Born in the small town of Decatur July 2, 1925, Evers was one of five children to his parents, James andJesse. The family lived on a small farm, while the Father worked in a nearby sawmill. Young Medgar would have to walk 12 miles to school each day, eventually earning his high school diploma. In 1943, Evers was drafted in to the U.S. Army and fought in World War II in the countries of France and Germany. Discharged honorably in 1946, after earning the rank of sergeant, Evers entered in to Alcorn College (now Alcorn State University) to study business administration.
Just a year before his graduation from the college in 1952, Evers married Myrlie Beasley (now Myrlie Evers-Williams), and the couple had three children. Evers groomed his leadership skills as a member of the school’s football, debate, and track teams. He also served as a junior class president.
Activism would become Evers’ calling, after working with notable civil rights leader and mentor T.R.M. Howard. Evers worked for Howard’s Magnolia Mutual Life Insurance Company as a salesman and also served as the president of the Regional Council of Negro Leadership (RCNL). The RCNL staged boycotts in the state against gas stations that denied Black patrons from using their restrooms.
|De La Beckwith was charged on June 21, 1963, facing all-male White juries that twice resulted in hung juries while trying to determine the outcome.|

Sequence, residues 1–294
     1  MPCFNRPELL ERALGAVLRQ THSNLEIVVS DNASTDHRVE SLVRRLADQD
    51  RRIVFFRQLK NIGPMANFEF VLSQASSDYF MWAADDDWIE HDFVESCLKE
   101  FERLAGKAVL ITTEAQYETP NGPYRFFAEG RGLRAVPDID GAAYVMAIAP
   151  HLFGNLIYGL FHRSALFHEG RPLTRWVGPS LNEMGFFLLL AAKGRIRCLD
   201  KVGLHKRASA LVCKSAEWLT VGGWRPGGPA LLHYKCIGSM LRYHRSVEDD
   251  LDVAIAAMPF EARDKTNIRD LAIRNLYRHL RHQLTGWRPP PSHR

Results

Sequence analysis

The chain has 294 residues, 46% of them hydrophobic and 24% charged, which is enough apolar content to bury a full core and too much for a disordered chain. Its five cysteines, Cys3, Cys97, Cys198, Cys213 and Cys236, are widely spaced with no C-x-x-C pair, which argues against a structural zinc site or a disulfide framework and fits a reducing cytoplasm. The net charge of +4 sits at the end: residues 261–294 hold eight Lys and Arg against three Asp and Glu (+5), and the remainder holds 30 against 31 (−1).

With help from the NAACP and as part of a grander scheme, Evers applied for entry in to the segregatedUniversity of Mississippi Law School program in 1954 and his application was denied. This led to Evers landing a post as the Mississippi field secretary for the NAACP, and he was involved in several investigations regarding hate crimes and instances of racism against African Americans, making him a thorn in the side of the groups of White Supremacists threatened by Evers’ ability to dig up truths and stir action.
Critics of racial equality placed their bull’s eye firmly on Evers, and his family lived under constant death threats and other acts of intimidation.
Just a day prior to Evers’ tragic early morning death, President John F. Kennedy delivered an address focused squarely on the necessity of civil rights. Shortly after parking his car in the driveway of his family’s home, Evers was shot in the back of the head and died in an area hospital under an hour later.